Article by Patrick Fiorenza, RMS Director of Research Analytics –
One of the things that I love about market research is that it provides the opportunity to use many methods. Qualitative techniques like focus groups, in-depth interviews, observations, or intercept work. Or quantitative data like surveys or accessing secondary data resources. Then within the analysis, there are many statistical options to explore. We didn’t even talk about sampling and design methodologies. The complexity and the options can be both overwhelming and exciting.
However, the key to a successful market research project rests in a lot of upfront work to ensure quality information comes from the study. Early conversations for any market research project should focus less on a method and more on the purpose. Also, sometimes doing additional analysis or a deeper reflection can help unravel the real issue. For example:
A surgery center is struggling with employee retention. The organization is seeing high turnover and patient satisfaction is suffering because of staffing issues. Leadership believes that the problem is due to a turbulent market, and they believe the issue is driven by external factors. The organization decides they want to solve the problem of employee retention and ask the question: why don’t our employees stay? However, when they start to look at the data, they notice that the turnover is highest among staff who have been with the company for less than a year, and exit interviews point to a lack of employees feeling as though they weren’t provided adequate training. Now, management has a more focused problem to solve (onboarding and training) and asks a better question (how can we improve training/onboarding to improve retention?).
In this scenario, there is nothing wrong with the approach of trying to tackle employee retention – it is a major problem for the organization – but by looking at existing data and asking a more nuanced question, a clear problem emerges to solve. This approach sometimes comes naturally and in pre-planning meetings or survey design discussions and the right questions emerge. However, sometimes it’s a real challenge to understand the real issue.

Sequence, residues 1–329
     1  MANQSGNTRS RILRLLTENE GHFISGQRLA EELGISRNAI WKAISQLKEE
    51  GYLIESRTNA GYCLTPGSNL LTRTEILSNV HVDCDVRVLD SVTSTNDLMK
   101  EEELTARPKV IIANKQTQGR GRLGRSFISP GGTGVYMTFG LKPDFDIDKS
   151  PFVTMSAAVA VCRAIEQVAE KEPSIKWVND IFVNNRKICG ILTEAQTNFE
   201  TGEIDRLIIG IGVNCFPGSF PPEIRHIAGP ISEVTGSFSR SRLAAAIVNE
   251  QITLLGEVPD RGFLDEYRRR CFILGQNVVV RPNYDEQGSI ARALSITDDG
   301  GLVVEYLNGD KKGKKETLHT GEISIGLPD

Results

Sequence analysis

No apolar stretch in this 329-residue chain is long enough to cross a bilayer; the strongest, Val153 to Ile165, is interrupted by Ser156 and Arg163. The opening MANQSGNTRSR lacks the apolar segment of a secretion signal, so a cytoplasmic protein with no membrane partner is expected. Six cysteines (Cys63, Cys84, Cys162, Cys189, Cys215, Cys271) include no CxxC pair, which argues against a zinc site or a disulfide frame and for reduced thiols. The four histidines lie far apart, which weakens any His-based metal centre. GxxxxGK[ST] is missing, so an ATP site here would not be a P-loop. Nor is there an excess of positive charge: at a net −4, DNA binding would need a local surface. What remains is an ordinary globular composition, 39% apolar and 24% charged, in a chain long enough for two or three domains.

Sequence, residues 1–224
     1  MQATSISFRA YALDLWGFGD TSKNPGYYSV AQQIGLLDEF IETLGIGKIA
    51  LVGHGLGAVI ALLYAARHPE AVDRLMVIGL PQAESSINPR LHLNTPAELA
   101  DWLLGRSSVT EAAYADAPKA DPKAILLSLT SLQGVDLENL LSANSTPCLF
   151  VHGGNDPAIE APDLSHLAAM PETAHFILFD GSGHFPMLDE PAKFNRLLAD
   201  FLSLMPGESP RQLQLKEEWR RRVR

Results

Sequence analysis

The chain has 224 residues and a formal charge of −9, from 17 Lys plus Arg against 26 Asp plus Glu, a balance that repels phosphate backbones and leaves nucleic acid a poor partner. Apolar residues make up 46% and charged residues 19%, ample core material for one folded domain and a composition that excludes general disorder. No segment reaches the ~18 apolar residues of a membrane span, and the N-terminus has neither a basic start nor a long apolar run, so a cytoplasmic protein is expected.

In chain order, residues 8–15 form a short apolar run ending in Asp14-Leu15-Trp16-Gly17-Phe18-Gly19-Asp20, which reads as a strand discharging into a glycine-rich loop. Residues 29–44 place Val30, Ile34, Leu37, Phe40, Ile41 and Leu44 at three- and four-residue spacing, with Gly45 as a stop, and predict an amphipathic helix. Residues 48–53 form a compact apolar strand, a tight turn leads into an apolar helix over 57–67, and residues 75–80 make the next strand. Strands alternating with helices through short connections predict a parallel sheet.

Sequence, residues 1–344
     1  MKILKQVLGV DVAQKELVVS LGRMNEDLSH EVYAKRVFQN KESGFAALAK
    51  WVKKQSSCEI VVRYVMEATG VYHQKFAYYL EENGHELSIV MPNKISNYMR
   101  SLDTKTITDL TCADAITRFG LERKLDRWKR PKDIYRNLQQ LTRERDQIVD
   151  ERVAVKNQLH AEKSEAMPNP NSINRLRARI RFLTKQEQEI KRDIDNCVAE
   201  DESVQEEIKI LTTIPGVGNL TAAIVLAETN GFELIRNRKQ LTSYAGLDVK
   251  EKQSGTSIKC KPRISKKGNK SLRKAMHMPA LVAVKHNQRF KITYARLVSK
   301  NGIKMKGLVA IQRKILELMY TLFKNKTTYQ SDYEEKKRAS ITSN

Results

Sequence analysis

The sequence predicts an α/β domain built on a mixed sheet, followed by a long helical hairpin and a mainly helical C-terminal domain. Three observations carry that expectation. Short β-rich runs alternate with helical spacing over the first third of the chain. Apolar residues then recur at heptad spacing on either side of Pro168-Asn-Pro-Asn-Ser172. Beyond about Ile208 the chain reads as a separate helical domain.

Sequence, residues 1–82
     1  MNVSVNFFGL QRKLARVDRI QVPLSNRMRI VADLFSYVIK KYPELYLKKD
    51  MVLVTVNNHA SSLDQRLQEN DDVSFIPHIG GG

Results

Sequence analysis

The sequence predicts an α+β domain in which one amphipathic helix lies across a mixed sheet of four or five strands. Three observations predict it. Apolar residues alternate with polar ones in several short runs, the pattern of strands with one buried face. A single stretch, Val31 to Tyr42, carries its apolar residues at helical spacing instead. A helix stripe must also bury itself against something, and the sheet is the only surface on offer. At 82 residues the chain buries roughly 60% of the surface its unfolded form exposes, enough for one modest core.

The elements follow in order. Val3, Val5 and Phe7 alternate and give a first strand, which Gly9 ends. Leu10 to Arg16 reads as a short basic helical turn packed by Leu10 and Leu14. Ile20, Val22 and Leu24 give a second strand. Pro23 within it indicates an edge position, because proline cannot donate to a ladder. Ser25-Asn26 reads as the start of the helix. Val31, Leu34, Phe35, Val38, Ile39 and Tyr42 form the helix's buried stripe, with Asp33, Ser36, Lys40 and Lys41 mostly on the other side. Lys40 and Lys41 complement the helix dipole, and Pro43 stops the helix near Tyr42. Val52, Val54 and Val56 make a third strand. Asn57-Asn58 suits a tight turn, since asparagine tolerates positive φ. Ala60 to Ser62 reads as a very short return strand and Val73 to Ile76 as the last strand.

Here are three suggestions to consider when starting your market research work. Don’t think about methods, data collection activities, or the nuts and bolts of how a study will be run. Think more strategically, and you might want to try this quick exercise.
- Question 1: What Problem Do I Need to Solve?
- Question 2: What can I realistically accomplish from engaging in a market research project?
- Question 3: What are the top 3 insights I want to learn?
Once these questions are well understood, you can start to align your questions to the research method (qualitative or quantitative) and analysis procedures. But focusing on these three questions will make sure you are on a path toward success with your next research project.
Taking some time to assure you’re asking the right questions is an important first step in a market research study. With vague or ill-defined purpose, the quality of the results and your ability to act on the recommendations will be in jeopardy. Take the time to ensure you’re asking the right question, aligned with a clear purpose, to set yourself up for success with your next market research project.
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About the Author – Patrick Fiorenza
Patrick brings years of market research experience to the RMS Research Analytics team. His preliminary focus encompasses designing, implementing, gathering, and analyzing results from proven research methods created to obtain credible data to help guide decision-making across a variety of industries.
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Research & Marketing Strategies, Inc. (RMS) is a full-service market research firm in Central New York. Formed in 2002, RMS helps organizations that are looking to know more about their customers and/or potential customers. They conduct surveys, focus groups, mystery shopping, studies and analysis. Each project is customized and gets personal attention by the best in the business. RMS has a reputation for getting results and offers an independent means to conduct telephone, on-line and mail surveying, In-depth interviews, intercept interviews, and participant recruitment as well as focus group hosting through QualiSight, its onsite call center and focus group facility. Taking advantage of the region’s reputation for being a great market study barometer, RMS recruits and moderates for focus groups, community forums and town meetings.